New find may help docs in war on diabetes

The research on diabetes is led by NTU's Prof Boehm, who is also the scientific director of the Singapore Phenome Centre.
The research on diabetes is led by NTU's Prof Boehm, who is also the scientific director of the Singapore Phenome Centre.PHOTO: DANIEL NEO FOR THE STRAITS TIMES

NTU scientists discover higher than usual count of yet unnamed lipid in those predisposed to diabetes

Singapore is waging war on diabetes, and a new discovery by scientists here could arm doctors with the knowledge to better fight the disease.

A widely known red flag of diabetes is elevated blood glucose levels.

But scientists at Nanyang Technological University's (NTU) Lee Kong Chian School of Medicine have found that for a specific group of diabetic patients, there could be another indicator: a higher than usual count of a type of lipid or fat that has yet to be named.

Diabetic patients who develop a complication called neuropathy have high levels of the unnamed lipid even at the pre-diabetes stage, when patients' blood sugar levels are nearing the diabetic range.

A diabetic registers at least 11.1 millimoles per litre (mmol/l) for blood sugar levels taken after two hours in a glucose tolerance test, while the reading of pre-diabetics is between 7.8 and 11 mmol/l.

Research is still ongoing and scientists are working to identify the source and identity of the lipid.

Between 30 per cent and 40 per cent of diabetic patients eventually develop neuropathy, a complication of diabetes that causes a patient's senses to be dulled. It could also result in limb amputation.

Still, the discovery of the unusual lipid is encouraging because it could help patients predisposed to diabetes take preventive care, as there is no cure for diabetes.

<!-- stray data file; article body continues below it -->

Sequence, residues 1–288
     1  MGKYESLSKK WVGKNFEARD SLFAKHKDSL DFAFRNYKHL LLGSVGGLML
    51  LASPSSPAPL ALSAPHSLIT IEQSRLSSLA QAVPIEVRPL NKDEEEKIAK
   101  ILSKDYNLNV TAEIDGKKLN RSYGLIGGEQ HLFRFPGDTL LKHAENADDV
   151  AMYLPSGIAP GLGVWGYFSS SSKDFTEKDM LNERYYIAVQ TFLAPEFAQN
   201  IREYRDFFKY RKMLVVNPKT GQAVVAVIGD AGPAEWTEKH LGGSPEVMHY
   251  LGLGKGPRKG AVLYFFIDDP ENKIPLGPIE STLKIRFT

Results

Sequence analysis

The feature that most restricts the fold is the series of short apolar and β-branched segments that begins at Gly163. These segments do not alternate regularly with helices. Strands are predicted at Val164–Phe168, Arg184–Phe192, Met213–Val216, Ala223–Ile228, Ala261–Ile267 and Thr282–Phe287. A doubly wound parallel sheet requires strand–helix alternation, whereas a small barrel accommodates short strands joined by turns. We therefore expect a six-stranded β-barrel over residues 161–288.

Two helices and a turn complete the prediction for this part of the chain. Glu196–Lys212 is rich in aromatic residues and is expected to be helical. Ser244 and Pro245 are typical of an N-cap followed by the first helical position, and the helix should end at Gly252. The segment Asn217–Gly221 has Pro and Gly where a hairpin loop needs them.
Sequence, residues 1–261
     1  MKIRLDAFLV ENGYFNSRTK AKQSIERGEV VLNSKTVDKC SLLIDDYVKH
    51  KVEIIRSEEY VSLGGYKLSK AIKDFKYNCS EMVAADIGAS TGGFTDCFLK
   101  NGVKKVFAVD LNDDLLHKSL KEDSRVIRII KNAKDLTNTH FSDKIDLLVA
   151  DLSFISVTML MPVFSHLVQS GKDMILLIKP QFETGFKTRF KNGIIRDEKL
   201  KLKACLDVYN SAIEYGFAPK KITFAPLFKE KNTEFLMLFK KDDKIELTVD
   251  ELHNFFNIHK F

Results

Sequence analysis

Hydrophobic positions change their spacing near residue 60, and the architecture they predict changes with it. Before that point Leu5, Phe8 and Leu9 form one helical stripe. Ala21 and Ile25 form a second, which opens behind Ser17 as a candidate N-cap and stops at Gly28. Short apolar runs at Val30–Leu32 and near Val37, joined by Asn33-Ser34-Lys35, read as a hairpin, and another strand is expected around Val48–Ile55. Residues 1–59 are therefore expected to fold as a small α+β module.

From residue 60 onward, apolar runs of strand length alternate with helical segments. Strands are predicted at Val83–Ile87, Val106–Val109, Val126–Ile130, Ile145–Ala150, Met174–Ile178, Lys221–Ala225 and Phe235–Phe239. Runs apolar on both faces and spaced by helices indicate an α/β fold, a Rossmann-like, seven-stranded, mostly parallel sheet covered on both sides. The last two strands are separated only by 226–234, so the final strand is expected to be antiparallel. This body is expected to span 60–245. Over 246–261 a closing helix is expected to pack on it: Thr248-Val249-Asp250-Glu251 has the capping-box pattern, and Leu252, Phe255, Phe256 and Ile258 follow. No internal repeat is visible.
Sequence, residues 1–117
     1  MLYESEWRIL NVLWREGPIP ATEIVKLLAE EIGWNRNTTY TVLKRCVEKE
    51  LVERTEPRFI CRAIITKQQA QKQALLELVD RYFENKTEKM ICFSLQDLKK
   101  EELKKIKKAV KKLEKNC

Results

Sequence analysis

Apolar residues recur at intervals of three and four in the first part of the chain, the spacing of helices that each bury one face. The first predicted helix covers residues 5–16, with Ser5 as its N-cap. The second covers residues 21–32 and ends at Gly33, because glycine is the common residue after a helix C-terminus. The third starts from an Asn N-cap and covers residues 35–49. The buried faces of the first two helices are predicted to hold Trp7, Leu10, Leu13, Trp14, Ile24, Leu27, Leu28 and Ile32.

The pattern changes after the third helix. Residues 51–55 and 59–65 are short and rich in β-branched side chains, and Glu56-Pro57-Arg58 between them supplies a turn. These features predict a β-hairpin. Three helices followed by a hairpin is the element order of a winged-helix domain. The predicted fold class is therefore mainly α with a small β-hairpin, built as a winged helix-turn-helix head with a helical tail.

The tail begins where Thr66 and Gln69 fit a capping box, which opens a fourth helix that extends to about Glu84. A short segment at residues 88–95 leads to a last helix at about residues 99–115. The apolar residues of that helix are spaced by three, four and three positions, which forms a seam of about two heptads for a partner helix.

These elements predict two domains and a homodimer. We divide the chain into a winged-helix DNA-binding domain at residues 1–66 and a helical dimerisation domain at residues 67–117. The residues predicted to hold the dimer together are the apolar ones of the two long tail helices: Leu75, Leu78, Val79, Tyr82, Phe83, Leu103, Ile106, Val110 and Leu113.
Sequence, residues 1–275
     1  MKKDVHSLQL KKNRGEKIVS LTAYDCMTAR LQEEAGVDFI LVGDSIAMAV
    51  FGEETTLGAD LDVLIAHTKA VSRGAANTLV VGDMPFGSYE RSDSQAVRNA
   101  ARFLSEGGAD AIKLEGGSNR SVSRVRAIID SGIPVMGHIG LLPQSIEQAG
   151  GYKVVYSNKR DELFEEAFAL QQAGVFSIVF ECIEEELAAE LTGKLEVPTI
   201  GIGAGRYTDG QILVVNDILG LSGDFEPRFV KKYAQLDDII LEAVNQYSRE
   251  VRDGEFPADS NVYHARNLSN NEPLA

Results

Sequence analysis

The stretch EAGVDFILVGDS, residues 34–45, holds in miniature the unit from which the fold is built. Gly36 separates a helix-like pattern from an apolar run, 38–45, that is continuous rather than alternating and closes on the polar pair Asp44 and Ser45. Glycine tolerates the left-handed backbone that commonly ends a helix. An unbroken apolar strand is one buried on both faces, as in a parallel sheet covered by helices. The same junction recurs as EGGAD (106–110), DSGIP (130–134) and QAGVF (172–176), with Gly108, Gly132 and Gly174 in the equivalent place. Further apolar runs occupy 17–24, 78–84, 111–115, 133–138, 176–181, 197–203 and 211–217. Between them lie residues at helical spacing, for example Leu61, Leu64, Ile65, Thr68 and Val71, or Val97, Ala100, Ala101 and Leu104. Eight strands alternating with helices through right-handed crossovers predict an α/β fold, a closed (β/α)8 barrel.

The research is led by NTU's professor of metabolic disease Bernhard Boehm, who is also the scientific director of the Singapore Phenome Centre at the university.

The centre is doing an analysis of about 3,000 urine and serum samples taken from diabetic patients in Singapore. Preliminary findings show patients who develop neuropathy have about two to three times more of the yet-to-be-named lipid during the pre-diabetes stage, compared with diabetics who do not develop the complication.

Between 30 per cent and 40 per cent of diabetic patients eventually develop neuropathy, a complication of diabetes that causes a patient's senses to be dulled. It could also result in limb amputation.

"When you can't feel, you get injuries to your feet which lead to wounds that do not heal and get infected," said Associate Professor Tai E Shyong, head and senior consultant at the National University Hospital's division of endocrinology.

Prof Boehm said: "People used to think that diabetes is just about sugar, and how insulin becomes less efficient at controlling it.

"But other compounds, such as amino acids or lipids, can play a big role, even in the early phases of the disease process."

Further research needs to be done to determine how exactly the lipid can cause diabetes.

Prof Boehm, however, has some hypotheses.

Initial studies show each molecule of this lipid has a very specific orientation. Changes to this orientation could cause the molecule to turn as "toxic" as transfat, which promotes low-grade inflammation and obesity, a precursor to diabetes.

Another hypothesis is that these fatty acids "block" the mitochondria in the cells from using glucose for energy production.

Mitochondria take in glucose and convert it to energy.

Among other things, the body uses the energy to produce insulin, a hormone that helps the body process the glucose.

Dr Vivien Lim, endocrinologist at Gleneagles Hospital Singapore, said that given the war on diabetes, intelligence gathering is important.

She said: "It allows us to know how best to deal with our enemies, in this case, both to prevent as well as to build better weapons to root them out at every turn.

"As such, any knowledge that may advance our understanding of diabetes - including what causes it, what increases its risk as well as how to better identify those at specific risk of developing diabetes and its complications, especially in the early stage - would be helpful and relevant."

A version of this article appeared in the print edition of The Straits Times on May 27, 2016, with the headline 'New find may help docs in war on diabetes'. Print Edition | Subscribe